An uncommon presentation of non-small-cell lung cancer with acrometastases to the great toe and index finger.
BACKGROUND: Acrometastasis as initial presentation of metastatic cancer is an extremely rare finding. We describe an unusual case of late-stage non-small-cell lung cancer with metastatic lesions to the great toe and index fnger with associated pain in those areas as the only presenting symptom.
CASE PRESENTATION AND SUMMARY: A 71-year-old white woman was referred to the emergency department by her primary care physician for necrosis and swelling of the left great toe for work-up of possible osteomyelitis (Figure 1). Before she presented to her physician, she had been complaining of severe pain, swelling, and erythema of the left great toe that had lasted for 1-2 months. Infection was initially suspected. She completed 2 courses of oral antibiotics with no improvement. She was also complaining of similar symptoms on the left index finger and attributed her symptoms to an injury a month earlier (Figure 2). The pain was so severe that she was not able to bear weight on her left foot. An outpatient X-ray of her left great toe raised her physician's concerns that it might be osteomyelitis so she was referred to the emergency department.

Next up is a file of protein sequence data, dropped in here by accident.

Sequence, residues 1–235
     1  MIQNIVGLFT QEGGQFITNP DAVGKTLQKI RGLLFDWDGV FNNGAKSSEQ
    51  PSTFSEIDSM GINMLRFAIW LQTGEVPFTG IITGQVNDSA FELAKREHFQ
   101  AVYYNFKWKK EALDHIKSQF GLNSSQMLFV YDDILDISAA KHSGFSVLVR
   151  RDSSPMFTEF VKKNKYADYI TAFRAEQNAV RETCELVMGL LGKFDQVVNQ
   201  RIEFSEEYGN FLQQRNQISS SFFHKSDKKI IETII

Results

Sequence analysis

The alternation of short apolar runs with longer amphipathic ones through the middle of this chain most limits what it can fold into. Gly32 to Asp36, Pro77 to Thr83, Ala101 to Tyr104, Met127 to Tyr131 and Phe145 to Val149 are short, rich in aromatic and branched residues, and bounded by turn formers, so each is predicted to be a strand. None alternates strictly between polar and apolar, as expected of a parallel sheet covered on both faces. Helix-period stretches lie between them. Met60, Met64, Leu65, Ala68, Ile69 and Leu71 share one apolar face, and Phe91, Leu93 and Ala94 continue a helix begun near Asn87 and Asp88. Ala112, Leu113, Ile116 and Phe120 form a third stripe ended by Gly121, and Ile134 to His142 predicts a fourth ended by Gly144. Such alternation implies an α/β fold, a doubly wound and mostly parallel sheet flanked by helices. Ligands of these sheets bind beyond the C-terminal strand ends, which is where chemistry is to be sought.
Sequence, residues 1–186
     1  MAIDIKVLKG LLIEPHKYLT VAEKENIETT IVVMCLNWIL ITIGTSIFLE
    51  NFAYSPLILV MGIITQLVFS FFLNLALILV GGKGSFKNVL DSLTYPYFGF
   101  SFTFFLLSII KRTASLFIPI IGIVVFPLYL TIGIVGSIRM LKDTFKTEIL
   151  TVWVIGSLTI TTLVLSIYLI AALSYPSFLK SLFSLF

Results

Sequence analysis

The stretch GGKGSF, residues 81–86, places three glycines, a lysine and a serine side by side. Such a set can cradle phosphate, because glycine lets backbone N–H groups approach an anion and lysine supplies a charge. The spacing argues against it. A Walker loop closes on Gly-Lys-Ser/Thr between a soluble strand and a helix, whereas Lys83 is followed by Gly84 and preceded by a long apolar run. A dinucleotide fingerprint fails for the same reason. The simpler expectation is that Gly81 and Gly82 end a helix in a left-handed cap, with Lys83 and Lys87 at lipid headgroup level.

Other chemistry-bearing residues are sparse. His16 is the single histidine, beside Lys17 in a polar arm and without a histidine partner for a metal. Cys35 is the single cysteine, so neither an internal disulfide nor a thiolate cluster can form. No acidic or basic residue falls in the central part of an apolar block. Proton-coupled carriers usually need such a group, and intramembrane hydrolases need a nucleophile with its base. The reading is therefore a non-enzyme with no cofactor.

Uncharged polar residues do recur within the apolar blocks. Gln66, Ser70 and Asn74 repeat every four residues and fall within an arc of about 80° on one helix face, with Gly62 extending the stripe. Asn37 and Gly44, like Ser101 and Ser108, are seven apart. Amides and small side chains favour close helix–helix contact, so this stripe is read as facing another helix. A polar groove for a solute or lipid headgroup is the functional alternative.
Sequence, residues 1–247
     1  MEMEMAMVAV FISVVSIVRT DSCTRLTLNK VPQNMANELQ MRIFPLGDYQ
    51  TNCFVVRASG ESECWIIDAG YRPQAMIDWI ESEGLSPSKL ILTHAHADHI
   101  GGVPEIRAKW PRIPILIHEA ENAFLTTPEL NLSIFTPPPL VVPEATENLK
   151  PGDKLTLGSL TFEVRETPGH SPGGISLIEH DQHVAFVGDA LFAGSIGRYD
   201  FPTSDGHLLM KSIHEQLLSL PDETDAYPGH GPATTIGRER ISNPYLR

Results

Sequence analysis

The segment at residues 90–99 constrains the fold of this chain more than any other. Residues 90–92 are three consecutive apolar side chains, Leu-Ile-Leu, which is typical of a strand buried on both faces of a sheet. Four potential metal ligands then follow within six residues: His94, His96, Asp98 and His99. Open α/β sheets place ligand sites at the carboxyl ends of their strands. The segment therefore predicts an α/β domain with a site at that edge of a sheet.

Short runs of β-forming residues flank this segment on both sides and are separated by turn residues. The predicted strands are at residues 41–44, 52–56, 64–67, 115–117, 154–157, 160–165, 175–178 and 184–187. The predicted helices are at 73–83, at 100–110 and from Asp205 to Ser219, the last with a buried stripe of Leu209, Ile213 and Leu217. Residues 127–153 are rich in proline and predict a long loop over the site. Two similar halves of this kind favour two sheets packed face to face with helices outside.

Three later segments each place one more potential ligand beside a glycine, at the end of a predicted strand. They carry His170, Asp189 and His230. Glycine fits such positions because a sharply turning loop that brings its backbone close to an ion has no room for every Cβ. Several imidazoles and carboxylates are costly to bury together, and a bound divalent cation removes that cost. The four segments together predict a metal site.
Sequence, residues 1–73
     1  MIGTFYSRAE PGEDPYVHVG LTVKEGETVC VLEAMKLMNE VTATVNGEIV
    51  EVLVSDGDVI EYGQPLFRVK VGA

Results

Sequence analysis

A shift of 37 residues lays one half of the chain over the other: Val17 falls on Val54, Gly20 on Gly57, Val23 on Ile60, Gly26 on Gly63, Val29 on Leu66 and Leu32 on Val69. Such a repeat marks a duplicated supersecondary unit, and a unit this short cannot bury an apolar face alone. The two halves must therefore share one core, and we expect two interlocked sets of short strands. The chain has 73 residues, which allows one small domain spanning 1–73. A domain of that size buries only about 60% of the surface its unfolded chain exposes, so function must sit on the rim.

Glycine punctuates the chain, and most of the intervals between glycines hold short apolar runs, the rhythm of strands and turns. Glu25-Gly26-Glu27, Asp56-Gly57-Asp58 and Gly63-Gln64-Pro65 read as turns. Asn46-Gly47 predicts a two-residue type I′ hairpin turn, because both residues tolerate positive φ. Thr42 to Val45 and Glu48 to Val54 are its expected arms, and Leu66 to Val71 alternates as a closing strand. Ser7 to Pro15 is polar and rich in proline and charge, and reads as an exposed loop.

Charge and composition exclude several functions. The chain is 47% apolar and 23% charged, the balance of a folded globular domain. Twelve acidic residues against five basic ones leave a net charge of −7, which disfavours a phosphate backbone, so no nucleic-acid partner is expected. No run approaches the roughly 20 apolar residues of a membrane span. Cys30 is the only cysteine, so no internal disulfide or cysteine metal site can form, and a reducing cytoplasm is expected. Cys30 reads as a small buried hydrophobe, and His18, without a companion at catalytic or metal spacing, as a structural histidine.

Published In/Presented At
Reynolds, J., & Skandan, S. P. (2016). An uncommon presentation of non-small-cell lung cancer with acrometastases to the great toe and index finger. The Journal Of Community And Supportive Oncology, 14(3), 122-125. doi:10.12788/jcso.0219.
Medical Sciences | Medical Specialties | Medicine and Health Sciences | Oncology
Department of Medicine, Hematology-Medical Oncology Division, Department of Medicine Faculty